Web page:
On June 17th, 1462, Vlad led a successful night attack against Mehmed II and his Ottoman forces near Târgoviște. As Mehmed and his Ottoman troops attempted to follow Vlad, they discovered the “forest of the impaled,” where thousands of prisoners, captives, and locals were impaled on stakes. This caused Mehmed and his troops to leave the area in retreat. It is due to these stories and accounts that Vlad earned the nickname “Vlad Tepeș” (Vlad the Impaler).

There have been many attempts to connect Vlad to Bran Castle. In 1462, Vlad was captured by the Hungarians and was rumored to be imprisoned in a castle on a mountain top. It was originally thought that Vlad was imprisoned in Bran Castle, but most historians now believe that Vlad was imprisoned in a fortress north of Pest. While Vlad and his troops raided the area around Brașov and Bran Castle, this area in Transylvania was never under his rule and often supported his rivals. Although he may have traveled past Bran Castle many times, he most likely never owned, controlled, or visited the castle.

While Vlad was considered a cruel tyrant over the next few centuries, many Romanian artists of the 19th century portrayed Vlad as a powerful and just ruler who punished criminals and traitors. Ion Budai-Deleanu was a Romanian poet who wrote the first epic poem about Vlad. In Țiganiada, Budai-Deleanu portrays Vlad as a hero who fights the Ottomans and the Strigoi (monsters in Romanian folklore that resemble vampires). Even Mihai Eminescu, one of Romania’s greatest poets, was inspired by Vlad. The Third Letter by Eminescu is a historic ballad dedicated to Vlad and proclaims that Vlad will one day rise from the grave to defeat all the enemies of the Romanian nation.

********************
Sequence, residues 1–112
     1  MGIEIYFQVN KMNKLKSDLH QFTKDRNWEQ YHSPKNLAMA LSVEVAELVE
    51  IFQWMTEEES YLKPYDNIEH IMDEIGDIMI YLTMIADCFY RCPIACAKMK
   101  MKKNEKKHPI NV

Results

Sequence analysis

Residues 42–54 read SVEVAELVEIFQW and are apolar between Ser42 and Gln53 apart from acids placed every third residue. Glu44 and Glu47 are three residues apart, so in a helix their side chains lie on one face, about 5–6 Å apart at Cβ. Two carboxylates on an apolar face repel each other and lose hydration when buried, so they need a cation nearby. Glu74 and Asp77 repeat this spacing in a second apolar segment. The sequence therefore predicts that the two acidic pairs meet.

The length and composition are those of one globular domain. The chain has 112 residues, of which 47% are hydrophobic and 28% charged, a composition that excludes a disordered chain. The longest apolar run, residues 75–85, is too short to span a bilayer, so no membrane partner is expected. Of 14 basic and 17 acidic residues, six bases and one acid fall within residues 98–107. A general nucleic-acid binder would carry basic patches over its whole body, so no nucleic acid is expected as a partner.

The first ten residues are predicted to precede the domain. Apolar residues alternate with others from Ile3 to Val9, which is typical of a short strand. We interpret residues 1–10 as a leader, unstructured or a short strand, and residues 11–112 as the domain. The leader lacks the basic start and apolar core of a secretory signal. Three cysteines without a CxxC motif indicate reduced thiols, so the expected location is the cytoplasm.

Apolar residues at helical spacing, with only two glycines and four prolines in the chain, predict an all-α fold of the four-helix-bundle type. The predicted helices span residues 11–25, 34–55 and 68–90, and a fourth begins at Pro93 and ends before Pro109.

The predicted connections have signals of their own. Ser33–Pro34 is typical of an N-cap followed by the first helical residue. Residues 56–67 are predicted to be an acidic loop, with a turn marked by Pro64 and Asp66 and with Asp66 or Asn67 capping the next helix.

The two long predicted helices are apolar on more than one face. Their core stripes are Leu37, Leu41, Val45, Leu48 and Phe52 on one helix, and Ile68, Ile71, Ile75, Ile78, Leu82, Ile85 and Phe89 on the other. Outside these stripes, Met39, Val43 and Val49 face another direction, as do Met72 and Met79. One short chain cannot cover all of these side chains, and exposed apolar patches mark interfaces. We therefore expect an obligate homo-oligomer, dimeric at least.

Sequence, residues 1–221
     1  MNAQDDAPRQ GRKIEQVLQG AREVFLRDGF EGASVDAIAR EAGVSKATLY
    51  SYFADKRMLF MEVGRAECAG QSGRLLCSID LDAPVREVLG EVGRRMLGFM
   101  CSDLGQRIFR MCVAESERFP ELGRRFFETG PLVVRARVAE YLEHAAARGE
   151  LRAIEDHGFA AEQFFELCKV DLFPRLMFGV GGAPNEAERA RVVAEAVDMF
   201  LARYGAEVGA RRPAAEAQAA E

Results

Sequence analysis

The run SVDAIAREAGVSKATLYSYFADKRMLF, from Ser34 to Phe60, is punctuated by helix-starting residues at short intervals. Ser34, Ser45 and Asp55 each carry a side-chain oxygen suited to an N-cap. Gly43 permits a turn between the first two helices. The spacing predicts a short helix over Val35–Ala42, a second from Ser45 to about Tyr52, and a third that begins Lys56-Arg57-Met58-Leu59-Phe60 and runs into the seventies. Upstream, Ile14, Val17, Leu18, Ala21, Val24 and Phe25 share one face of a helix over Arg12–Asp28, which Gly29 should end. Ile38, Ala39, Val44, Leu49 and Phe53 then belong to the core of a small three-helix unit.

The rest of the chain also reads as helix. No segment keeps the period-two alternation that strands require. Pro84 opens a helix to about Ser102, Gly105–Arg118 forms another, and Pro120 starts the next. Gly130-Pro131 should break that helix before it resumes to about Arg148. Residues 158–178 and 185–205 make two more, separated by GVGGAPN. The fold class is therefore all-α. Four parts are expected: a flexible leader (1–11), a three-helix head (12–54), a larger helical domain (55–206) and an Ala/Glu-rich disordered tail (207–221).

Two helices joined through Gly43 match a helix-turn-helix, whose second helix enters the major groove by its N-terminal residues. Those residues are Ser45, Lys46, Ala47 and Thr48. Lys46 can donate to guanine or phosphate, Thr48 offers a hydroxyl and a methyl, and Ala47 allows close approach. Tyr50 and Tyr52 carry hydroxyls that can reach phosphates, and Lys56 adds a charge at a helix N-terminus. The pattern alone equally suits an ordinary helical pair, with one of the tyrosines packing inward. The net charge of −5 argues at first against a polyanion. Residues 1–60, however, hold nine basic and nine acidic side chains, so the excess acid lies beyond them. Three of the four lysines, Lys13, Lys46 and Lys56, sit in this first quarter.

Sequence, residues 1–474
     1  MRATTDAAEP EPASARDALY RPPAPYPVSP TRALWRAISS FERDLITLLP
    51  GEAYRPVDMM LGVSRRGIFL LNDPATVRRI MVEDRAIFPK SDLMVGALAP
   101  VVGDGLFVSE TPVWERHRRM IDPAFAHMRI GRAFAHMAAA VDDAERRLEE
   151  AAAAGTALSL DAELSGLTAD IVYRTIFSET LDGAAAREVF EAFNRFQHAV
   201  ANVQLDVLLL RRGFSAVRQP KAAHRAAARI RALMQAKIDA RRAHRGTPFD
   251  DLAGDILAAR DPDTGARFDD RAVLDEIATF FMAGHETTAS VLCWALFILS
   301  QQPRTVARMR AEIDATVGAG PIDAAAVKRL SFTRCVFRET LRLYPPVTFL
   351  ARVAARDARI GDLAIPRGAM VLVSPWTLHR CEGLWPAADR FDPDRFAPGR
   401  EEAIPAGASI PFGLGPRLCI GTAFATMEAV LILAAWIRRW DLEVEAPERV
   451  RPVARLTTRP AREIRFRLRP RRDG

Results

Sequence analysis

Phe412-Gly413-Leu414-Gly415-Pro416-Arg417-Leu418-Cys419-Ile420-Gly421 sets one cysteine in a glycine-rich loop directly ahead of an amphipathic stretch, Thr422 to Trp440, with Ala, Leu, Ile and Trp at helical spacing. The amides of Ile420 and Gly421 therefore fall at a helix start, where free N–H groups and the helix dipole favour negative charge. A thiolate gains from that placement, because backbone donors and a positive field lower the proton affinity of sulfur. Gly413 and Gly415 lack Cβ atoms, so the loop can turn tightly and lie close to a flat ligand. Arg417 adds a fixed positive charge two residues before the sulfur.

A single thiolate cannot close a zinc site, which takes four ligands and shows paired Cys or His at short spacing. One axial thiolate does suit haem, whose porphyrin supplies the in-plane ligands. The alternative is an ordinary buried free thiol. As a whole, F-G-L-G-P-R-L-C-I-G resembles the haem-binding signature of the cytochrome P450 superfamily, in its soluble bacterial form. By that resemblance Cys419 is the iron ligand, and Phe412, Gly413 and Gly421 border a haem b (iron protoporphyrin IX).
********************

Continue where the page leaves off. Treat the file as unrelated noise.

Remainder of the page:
These poems, combined with the older myths and rumors, made Vlad one of the most well-known medieval rulers throughout Europe. The area of Transylvania also started to become popular. Emily Gerard was a Scottish writer who spent time in Brașov and was fascinated by Transylvania and its folklore about monsters. She wrote Transylvanian Superstitions in 1885 and The Land Beyond the Forest in 1888. Both articles heavily influenced Bram Stoker in writing Dracula, which was published in 1897. While Stoker may have gotten the “Dracula” name from Vlad’s father, Vlad was not the main inspiration behind the vampiric character. Such details would be forgotten after an ad campaign by the Communist Party of Romania.

The Communist Party of Romania was trying to improve relations with the West in the 1970s and decided to focus on tourism. Due to the location and architecture of Bran Castle, the Romanian government decided to advertise it as the “real” Dracula’s Castle. The goal was to draw in tourists to visit the castle and to expand the economy of the surrounding cities. The castle was turned into a museum and the area around the castle was turned into a medieval village with souvenir shops. Along with countless films over the last several decades, this ad campaign was influential in linking Vlad the Impaler to Bran Castle and Transylvania.

As a young kid, one of the first video games my mom got me for Christmas was Castlevania II: Simon’s Quest. The music, setting, and role-playing elements of the game got me interested in the mythology behind Dracula and Transylvania. My mom would also take me to the local Blockbuster rental store where we would pick out classic vampire films such as Salem’s Lot, Fright Night, and The Lost Boys. When I discovered heavy metal as a kid, many of my favorite bands also had songs about vampires, Dracula, and Transylvania. Such songs include Transylvania by Iron Maiden, Return of the Vampire by Mercyful Fate, and Transylvanian Hunger by Darkthrone. Since my mom supported my interests in video games, horror movies, and heavy metal, the least I could do was to take her to Transylvania to see Bran Castle.